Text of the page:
How is hypoactive sexual desire disorder (HSDD) treated in women?

How is hypoactive sexual desire disorder (HSDD) treated in women?

Hypoactive sexual desire disorder (HSDD) is a chronic lack of sexual desire that causes personal distress.

Exact causes of HSDD can be difficult to pinpoint, making it a challenge to treat. However, there are some options.

Before beginning any treatment, women should have a medical checkup. Many factors can contribute to low sex drive, such as medication side effects, hormonal imbalance, fatigue, relationship conflict, and diabetes. Addressing these issues can resolve the issue. 

Hormonal changes can also contribute to low sex drive, especially after menopause.

Testosterone Therapy

Postmenopausal women with HSDD might consider testosterone therapy. Testosterone is often considered a “male” hormone, but women’s bodies produce it, too. Trials have shown that testosterone therapy in women can boost sexual desire and satisfaction, although the long-term effects are not clear.

In October 2019, 11 medical societies, including the ISSM, endorsed guidelines for the use of testosterone in postmenopausal women with HSDD. (There is not enough evidence to support its use in premenopausal women.) The guidelines point out that doses of testosterone should “approximate physiological testosterone concentrations for premenopausal women.”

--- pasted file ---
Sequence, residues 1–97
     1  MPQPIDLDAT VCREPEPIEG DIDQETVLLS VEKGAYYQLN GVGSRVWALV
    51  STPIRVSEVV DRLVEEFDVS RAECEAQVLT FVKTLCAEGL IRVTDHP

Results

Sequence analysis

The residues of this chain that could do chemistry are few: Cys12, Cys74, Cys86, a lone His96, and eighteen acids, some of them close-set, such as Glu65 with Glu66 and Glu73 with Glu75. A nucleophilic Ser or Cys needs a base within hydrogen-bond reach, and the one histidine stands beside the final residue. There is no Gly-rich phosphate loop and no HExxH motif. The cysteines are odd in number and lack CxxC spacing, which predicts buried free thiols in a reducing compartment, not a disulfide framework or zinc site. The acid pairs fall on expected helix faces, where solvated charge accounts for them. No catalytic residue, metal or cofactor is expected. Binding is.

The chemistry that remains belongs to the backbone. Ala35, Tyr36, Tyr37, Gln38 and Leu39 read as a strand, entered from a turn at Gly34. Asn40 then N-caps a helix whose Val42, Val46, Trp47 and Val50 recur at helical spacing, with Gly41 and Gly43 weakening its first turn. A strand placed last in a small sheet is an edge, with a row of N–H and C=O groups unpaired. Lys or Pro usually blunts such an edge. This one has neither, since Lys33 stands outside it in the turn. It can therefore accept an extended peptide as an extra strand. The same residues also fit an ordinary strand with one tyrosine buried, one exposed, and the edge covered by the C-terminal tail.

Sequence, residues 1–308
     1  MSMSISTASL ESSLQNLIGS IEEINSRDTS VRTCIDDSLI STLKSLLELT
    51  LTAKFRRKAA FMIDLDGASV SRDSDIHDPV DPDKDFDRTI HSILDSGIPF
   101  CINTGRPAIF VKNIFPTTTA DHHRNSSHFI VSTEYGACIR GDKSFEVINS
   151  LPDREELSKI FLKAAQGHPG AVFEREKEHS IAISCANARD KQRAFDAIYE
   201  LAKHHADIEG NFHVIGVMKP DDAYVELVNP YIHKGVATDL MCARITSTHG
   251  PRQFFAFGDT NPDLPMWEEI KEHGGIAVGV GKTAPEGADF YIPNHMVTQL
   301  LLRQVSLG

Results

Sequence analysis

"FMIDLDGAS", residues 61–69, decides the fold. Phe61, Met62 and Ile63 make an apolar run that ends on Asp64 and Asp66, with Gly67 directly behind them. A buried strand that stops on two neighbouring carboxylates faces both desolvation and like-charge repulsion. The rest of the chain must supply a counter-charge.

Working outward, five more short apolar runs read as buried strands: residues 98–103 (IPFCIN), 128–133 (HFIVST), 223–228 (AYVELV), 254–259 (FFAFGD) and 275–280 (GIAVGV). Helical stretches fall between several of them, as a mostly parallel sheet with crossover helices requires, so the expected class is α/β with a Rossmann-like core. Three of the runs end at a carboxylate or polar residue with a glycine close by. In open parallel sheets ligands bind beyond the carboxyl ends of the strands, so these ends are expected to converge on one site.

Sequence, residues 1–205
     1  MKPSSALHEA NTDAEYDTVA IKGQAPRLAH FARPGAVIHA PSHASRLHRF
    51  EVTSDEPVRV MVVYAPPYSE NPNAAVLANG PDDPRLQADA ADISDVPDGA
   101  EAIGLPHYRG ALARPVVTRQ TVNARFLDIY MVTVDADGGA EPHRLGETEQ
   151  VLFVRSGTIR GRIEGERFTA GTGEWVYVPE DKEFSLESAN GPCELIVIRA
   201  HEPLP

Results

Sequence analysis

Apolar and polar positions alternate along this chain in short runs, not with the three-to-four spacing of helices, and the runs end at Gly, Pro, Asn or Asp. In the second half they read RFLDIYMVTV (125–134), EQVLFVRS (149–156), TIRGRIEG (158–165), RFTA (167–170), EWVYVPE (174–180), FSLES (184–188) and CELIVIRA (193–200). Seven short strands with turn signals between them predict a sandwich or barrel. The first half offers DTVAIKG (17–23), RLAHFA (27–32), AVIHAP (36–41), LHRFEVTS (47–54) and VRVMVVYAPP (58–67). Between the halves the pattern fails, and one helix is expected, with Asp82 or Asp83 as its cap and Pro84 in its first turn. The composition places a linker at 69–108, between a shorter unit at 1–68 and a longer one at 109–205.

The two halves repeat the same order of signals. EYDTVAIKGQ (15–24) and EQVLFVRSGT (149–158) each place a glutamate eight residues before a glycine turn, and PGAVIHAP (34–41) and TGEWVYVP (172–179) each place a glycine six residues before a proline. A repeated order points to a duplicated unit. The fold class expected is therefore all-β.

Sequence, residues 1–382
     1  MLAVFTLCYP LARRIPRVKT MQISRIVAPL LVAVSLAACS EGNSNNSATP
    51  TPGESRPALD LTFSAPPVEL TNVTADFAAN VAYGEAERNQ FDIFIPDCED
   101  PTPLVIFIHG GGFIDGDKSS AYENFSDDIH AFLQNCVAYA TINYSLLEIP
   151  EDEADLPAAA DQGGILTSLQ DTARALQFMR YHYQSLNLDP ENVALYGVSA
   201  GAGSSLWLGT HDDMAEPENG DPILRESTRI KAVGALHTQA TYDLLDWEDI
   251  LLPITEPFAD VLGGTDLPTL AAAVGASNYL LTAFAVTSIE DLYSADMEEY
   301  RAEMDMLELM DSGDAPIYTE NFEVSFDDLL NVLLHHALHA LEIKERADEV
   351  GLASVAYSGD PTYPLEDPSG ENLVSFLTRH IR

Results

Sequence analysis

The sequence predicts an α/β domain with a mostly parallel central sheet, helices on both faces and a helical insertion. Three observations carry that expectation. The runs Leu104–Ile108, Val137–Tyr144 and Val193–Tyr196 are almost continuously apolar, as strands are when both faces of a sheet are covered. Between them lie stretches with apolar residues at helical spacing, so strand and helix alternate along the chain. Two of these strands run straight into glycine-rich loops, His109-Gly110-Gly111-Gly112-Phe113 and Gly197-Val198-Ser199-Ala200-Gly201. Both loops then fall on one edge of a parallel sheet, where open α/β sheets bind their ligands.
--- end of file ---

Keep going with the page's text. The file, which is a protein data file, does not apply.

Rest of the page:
If low sex drive can’t be explained medically or psychologically, a woman may consider medications designed to treat acquired generalized HSDD.

Flibanserin (Addyi)

Flibanserin (Addyi) is a drug approved for use in premenopausal women with acquired generalized HSDD. It works on three neurotransmitters in the brain. Two of them – dopamine and norepinephrine help with sexual excitement. But the third, serotonin, can dampen it. Flibanserin balances these chemicals to improve desire. However, Addyi does have some side effects and health risks, so it is important to follow up with a doctor regularly.

Bremelanotide (Vyleesi)

Approved for premenopausal women with acquired generalized HSDD, bremelanotide (Vyleesi) is injected into the thigh or abdomen about 45 minutes before sexual activity. Each dose has an autoinjector that women can use conveniently at home. However, experts recommend that bremelanotide not be used more than once every 24 hours, and not more than 8 times a month.



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